Cultural Development Plans Unveiled in Fiji

On July 5, 1993, The Fiji Times reported on the government’s plans to establish a cultural center in Suva, as revealed by then Culture Minister Ratu Jo Nacola. He emphasized that creating a national auditorium for cultural activities would demonstrate the ministry’s dedication to Fiji’s cultural enrichment.

Speaking at the Fiji Indian Cultural Centre’s event “Sitron ki Shaam” at the Suva Civic Centre on July 3, Ratu Jo highlighted the significance of reinforcing traditional cultures of various ethnic groups on a national level. He also held the portfolios of Women, Social Welfare, and Multi-Ethnic Affairs.

Ratu Jo stressed the necessity of maintaining peace and political stability in Fiji. “We should be proud of our achievements as a multi-ethnic community and actively participate in the country’s development,” he said. “Our goal should be to work unitedly for the nation’s betterment and future generations.”

He underscored Fiji’s unique multi-racial and multi-ethnic identity and the pressing need for cultural centers in the country. The Indian Culture Centre was set to open another facility in Ba on July 17.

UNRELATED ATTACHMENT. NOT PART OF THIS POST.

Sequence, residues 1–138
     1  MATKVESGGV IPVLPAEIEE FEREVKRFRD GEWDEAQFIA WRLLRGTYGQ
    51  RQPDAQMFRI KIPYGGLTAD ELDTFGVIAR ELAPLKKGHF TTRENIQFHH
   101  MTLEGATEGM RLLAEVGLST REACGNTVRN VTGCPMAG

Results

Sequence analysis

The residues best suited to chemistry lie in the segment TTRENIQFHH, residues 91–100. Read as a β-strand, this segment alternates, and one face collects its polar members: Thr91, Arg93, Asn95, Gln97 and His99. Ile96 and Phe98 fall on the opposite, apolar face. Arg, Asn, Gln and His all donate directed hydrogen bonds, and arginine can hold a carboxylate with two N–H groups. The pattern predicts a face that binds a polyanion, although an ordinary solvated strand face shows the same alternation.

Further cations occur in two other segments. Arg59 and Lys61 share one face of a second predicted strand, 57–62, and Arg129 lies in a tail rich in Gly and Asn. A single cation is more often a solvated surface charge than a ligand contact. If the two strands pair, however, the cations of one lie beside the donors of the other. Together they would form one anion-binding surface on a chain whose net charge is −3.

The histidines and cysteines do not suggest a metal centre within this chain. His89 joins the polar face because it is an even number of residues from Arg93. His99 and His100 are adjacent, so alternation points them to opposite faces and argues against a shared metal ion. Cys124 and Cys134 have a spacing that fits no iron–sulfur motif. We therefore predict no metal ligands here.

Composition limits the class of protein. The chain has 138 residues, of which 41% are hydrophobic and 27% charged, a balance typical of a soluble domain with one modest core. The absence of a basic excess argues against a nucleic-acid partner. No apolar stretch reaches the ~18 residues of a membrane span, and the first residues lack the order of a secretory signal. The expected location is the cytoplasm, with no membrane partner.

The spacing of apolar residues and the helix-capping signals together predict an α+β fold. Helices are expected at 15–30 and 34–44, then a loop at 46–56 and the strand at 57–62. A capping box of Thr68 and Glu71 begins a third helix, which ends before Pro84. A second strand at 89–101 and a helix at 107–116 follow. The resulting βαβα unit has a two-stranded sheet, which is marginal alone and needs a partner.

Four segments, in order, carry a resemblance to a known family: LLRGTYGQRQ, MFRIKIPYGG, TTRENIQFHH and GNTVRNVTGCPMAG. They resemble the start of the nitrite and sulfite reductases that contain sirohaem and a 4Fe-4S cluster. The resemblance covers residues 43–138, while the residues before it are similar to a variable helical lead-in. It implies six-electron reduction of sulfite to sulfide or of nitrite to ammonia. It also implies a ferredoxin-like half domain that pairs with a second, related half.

“We are entering a new era of cultural development, and I’m pleased to closely collaborate with all of you in your endeavors,” Ratu Jo noted. He assured continued support from the Department of Multi-Ethnic Affairs through grants and other essential assistance to the Fiji Indian Cultural Centres.

Ratu Jo expressed that the essence of culture is conveyed through music, poetry, dance, and languages, which are vital for understanding its deeper aspects. “The Department of Multi-Ethnic Affairs and the Fiji Indian Cultural Centre should be able to facilitate this,” he stated.

The shows performed by the Fiji Indian Cultural Centre were lauded for their high standards. Students of the cultural center showcased Indian dances and songs during the “Sitron ki Shaam” cultural night.

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